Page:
As you might have seen, I opt for fish main courses quite a lot (when I’m not tempted by steaks and ribs and all sorts of yummy meatiness). This is usually because I’m trying to be a tiny bit healthy, but also because it’s quite difficult to get fish cooked interestingly yet still properly and I’m always a bit curious to see how it’ll come out.
The pesto crusted halibut had caught my eye on the menu, and it was mainly because I knew I was having this that I went for a duck starter rather than something veggie or fishy. I wasn’t disappointed with my choice. A big chunky bit of halibut, topped with pesto crumb and served on sauteed potatoes, roasted peppers, tenderstem broccoli and peas, plus a nice lake of lemon butter sauce around it.
If anyone tries to tell you that fish courses are the ones to have when you’re not hungry, please use this as an example for why this isn’t always true. This was one substantial plate of food. But not just that, it was good too. The fish was well cooked, tender and cooked through yet still easy to separate its firm chunky flakes.
The pesto crumb, like Jamie’s breadcrumbs on his starter, added crunch, while the potatoes, peppers, broccoli and peas added more substance but also extra flavours and a rainbow of colours. The lemon butter sauce was delicious – colourful and rich yet with a slightly lemony tang that not only complemented the fish but added a nice tang to the other sweet elements on the plate.
Mr M did his best to stick to the deal we made where he doesn’t ALWAYS order steak, but only made it as far as the smoked boneless beef rib, slathered in a bourbon glaze, complete with chips, onions rings, mushroom, tomato, slaw. Yes, a massive plate of food! He was more than happy with his beef rib though – slow cooked, falling apart, moist, and not too fatty. All that makes for a happy Mr Manning.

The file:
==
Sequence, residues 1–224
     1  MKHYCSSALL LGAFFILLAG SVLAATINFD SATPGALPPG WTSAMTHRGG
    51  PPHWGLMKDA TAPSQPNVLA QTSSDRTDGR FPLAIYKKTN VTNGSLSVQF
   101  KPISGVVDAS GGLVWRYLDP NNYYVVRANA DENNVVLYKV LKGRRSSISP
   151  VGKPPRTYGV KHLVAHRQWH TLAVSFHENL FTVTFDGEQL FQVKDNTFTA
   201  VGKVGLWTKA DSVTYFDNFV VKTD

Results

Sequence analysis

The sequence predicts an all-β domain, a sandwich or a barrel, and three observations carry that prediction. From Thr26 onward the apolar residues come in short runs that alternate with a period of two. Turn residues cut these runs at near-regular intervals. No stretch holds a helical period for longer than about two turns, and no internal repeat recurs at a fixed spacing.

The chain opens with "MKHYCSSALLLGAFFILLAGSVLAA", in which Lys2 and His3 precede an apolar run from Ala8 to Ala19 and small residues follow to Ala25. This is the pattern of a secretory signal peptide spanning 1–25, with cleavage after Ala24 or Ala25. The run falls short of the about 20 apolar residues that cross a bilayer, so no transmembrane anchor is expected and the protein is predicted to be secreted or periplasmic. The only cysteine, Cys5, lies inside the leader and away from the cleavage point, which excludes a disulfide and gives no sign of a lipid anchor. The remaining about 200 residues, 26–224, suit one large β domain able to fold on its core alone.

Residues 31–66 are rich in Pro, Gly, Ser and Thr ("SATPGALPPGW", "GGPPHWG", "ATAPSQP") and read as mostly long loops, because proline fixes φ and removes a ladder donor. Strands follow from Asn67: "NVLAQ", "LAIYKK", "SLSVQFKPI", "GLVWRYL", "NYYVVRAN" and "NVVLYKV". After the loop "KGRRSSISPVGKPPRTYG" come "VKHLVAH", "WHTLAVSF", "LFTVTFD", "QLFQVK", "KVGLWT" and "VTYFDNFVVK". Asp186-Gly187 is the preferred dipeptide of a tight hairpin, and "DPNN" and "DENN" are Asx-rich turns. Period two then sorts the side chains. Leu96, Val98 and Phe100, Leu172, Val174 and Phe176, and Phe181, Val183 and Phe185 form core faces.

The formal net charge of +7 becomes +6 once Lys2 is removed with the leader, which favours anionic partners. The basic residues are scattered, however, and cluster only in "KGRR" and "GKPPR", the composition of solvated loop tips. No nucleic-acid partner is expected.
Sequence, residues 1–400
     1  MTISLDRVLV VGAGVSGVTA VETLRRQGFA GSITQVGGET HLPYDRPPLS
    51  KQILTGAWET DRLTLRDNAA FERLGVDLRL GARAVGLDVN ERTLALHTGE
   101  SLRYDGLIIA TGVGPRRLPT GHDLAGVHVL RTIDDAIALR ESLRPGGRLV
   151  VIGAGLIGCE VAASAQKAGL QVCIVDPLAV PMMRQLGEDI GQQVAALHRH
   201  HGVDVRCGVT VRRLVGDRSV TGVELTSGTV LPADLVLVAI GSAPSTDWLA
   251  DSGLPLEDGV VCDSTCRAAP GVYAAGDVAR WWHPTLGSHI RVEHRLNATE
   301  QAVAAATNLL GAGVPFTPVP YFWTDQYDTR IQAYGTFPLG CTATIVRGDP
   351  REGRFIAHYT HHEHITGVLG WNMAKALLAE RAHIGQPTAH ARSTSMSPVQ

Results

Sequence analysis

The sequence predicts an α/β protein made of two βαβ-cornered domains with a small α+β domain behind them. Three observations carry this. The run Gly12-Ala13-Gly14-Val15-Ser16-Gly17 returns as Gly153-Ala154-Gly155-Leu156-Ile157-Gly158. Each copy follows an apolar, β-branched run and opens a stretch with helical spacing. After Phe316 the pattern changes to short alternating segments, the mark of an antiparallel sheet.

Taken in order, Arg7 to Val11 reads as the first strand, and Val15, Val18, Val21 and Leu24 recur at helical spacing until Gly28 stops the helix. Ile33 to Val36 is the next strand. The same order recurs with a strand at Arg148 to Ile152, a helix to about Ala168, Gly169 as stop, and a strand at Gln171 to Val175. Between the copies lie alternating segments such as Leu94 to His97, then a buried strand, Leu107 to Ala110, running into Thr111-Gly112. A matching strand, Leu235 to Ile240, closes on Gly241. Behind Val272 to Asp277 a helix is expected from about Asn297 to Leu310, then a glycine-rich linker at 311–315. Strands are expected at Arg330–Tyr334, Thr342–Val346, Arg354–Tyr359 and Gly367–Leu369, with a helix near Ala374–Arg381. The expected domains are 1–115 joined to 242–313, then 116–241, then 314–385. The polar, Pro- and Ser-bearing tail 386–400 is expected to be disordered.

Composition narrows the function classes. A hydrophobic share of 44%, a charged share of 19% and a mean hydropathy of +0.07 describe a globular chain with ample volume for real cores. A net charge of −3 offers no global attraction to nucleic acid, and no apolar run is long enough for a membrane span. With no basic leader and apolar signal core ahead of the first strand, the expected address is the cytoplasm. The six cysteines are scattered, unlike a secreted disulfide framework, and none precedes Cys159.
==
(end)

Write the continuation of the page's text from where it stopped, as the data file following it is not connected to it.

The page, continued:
After dinner (no we couldn’t manage dessert – not this time!) we headed over to the training table for our lesson. I liked learning on a table away from the pros, it saves the embarrassment of not having a clue what’s going on in front of a bunch of seasoned gamblers.
We learned blackjack first and despite a few false starts I ended up winning enough in our fake chips to pay off the whole mortgage. Hurrah for imaginary gambling hey.
Next up was roulette, the one that always appeals most to me because it’s a) simple and b) always seems to ooze that James Bond glamour. We caught on to this slightly quicker than we managed to get our heads round blackjack but we’re definitely a long way off any Bond-like nonchalance when it comes to our gambling behaviour – imagine the excitement of small children winning on penny arcades and we were a bit more like that.
As tempted as we were to gamble away some of our real money, we decided to hold fire and calm down and plan a return trip. Turns out you can do all sorts of packages including a bite to eat, drink, some chips for the tables etc for set (and quite reasonable) prices which seemed to me to be quite a good way of visiting for good value. Seems Mr M thought that too, as he’s already planning a boys’ excursion.
And so, sensible kids that we are, we left after a rather enjoyable evening of unexpectedly nice food and a new experience under our belt. Yeah, so you might not choose the Grosvenor over some of Birmingham’s better-known restaurants for an evening out or a special occasion, but I’d suggest you don’t overlook it.
Whether you’re planning an evening that involves the casino, you need somewhere late to eat, or you just want to try somewhere a bit different, it’s pretty good and worth a look. Plus, you may just win back the money you spend on your supper!
We were invited to try the menu at the Grosvenor Casino in my capacity as a Citylicious blogger.